Samuel L. Jackson also puts in some great work here as a twisted billionaire with an aversion to anything bloody. Planning to ruin the lives of billions without the ability to even spot a drop of blood, Jackson reminds audiences why we fell in love with him in the first place, and that million-dollar smile paired with a debilitating lisp embodies only an ounce of the personality he brings to this character. He’s clearly relishing the opportunity to try something new, and the result is phenomenal. As his second-in-command, Sofia Boutella is both sexy and terrifying as Gazelle, a femme fatale of sorts with blades for feet.
It’d also be a massive injustice not to briefly mention Mark Strong, who is irresistibly charming as Merlin, one of the Kingsman who trains Eggsy and the other candidates. Strong is one of those British actors who shows up in every film set in London, yet he’s never the protagonist, he rarely gets any recognition, and he never has enough screentime to make a lasting impression. Hopefully, that will all end today. Strong is absolutely a scene-stealer amongst scene-stealers here. It’s arguable that nearly every character in this film would be the fan favorite in any other film, and the ballet of violence and one-liners that explodes from this movie is nearly overwhelming.
But somehow, without having to wave his arms or raise his voice, Strong arises as the victor, charming the pants off of every single member in the audience. There are aspects of this film that, all cliches aside, words cannot express. Warts and all, Kingsman is, thus far, the best film of 2015, but Strong’s performance may be the best of the year as well, and time will tell if he can tussle with the best of them for the remaining 11 months. I think he can.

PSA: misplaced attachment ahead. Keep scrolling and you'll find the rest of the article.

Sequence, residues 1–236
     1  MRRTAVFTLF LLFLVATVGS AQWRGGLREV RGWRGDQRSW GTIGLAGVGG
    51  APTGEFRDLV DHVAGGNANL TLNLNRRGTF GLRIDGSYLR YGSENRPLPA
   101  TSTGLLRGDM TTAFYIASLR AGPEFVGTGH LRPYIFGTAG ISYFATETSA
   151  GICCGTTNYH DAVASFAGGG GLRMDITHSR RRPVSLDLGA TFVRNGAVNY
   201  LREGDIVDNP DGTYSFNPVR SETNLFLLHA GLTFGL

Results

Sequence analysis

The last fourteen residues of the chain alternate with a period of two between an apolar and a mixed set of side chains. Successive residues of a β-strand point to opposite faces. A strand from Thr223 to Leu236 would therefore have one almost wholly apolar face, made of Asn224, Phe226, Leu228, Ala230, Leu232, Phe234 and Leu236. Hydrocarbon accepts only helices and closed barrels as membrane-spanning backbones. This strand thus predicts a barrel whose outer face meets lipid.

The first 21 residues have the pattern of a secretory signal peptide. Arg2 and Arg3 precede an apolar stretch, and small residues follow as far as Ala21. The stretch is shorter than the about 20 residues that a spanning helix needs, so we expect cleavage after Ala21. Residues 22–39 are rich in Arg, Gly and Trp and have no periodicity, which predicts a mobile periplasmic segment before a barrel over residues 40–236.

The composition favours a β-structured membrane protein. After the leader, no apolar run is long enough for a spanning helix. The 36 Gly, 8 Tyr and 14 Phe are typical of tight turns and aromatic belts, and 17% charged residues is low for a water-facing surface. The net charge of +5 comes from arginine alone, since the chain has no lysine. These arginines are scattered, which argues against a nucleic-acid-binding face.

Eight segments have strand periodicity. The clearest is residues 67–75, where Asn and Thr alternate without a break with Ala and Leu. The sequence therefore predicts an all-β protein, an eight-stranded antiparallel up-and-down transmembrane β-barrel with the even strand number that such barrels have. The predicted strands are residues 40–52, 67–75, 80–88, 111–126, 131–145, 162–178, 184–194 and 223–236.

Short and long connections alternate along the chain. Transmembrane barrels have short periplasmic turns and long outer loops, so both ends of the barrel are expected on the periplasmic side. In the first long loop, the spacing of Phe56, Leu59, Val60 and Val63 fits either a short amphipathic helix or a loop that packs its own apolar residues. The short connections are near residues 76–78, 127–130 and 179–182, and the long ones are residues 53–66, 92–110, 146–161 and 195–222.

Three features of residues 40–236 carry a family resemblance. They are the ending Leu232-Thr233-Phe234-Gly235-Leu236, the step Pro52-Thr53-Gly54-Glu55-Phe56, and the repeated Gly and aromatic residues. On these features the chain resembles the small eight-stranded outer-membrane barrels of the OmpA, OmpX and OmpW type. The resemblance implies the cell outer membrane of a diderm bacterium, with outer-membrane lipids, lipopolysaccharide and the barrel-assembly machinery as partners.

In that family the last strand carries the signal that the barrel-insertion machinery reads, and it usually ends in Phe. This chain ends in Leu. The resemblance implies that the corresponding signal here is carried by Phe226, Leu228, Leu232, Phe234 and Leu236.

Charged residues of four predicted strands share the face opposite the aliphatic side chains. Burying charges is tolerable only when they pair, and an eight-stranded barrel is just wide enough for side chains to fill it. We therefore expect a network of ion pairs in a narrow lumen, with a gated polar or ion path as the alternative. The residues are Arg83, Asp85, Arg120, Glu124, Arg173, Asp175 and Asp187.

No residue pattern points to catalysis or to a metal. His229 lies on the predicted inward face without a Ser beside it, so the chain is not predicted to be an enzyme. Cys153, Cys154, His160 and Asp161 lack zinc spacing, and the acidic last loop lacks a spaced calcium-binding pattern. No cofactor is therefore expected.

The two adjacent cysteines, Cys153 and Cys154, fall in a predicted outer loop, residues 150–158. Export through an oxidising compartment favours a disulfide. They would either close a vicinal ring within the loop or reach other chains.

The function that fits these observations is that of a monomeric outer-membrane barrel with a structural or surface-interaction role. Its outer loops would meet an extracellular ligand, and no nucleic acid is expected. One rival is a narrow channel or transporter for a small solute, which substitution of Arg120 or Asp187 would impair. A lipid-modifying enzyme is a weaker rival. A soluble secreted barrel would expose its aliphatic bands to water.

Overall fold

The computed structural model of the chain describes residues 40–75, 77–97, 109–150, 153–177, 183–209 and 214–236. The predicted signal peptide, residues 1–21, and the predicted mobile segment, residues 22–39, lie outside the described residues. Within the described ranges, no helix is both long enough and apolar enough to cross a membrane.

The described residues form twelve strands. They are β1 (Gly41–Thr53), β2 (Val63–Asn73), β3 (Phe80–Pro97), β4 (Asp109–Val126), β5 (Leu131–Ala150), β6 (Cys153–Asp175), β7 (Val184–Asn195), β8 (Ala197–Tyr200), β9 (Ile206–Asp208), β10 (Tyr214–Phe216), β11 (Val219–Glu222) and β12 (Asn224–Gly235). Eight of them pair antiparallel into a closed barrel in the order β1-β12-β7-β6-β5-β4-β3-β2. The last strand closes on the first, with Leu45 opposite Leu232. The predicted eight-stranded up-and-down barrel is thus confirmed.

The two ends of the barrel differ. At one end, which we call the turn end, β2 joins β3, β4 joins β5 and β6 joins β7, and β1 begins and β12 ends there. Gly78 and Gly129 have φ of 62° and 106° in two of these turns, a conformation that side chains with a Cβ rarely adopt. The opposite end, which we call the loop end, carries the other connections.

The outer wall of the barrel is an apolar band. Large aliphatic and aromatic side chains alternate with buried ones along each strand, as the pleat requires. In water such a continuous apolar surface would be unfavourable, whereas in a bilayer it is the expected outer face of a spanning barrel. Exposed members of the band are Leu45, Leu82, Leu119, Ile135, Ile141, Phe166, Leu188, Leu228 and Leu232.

It also seems worth mentioning that, thematically, Kingsman is one of the more interesting films in recent memory. It goes without saying that Vaughn doesn’t skimp out on the intelligence factor of his seemingly mindless carnage, but Kingsman tackles themes of greater relevance and importance than any of the director’s previous films. Vaughn has always done his best to illustrate the connection between the old and new schools of thinking, as evidenced by the juxtaposition of the classic superhero archetype with the digital age in Kick-Ass, as well as the retro setting of X-Men: First Class, but with Kingsman, Vaughn discusses an issue that hasn’t been brought up much in recent mainstream action fare, that of change.
While most blockbuster action movies are content to allow their villains to level a city for “the greater good,” the villains of Vaughn’s film fulfill the only necessary requirement to craft a good antagonist. Simply put, Valentine is the hero of his own story, and rightfully. His idea of embracing change is not dissimilar to Galahad’s, but where one involves reducing the population to less than a million people, the other’s is about teaching the youth about the proper values of a respectable human being while not turning a blind eye to the idea that the world is, in fact, changing, and we should treat it as such.
And like it’s easy to write a shallow villain, it’s almost easier to create a film that is, in this day and age of constant change, inherently technophobic. And while Vaughn’s film sets itself up to align with that set of values, it acknowledges the importance of change, both technical and otherwise, in a world that demands it. That Vaughn has the courage to make this statement – along with a couple of other unbelievable set pieces that won’t be mentioned here – makes Kingsman one of the year’s bravest, boldest, and best films so far.Continue Reading Issue #36
February 13, 2015
2 hr. 9 min.
Colin Firth, Samuel L. Jackson, Taron Egerton, Mark Strong, Michael Caine, Mark Hamill, Sofia Boutella, Sophie Cookson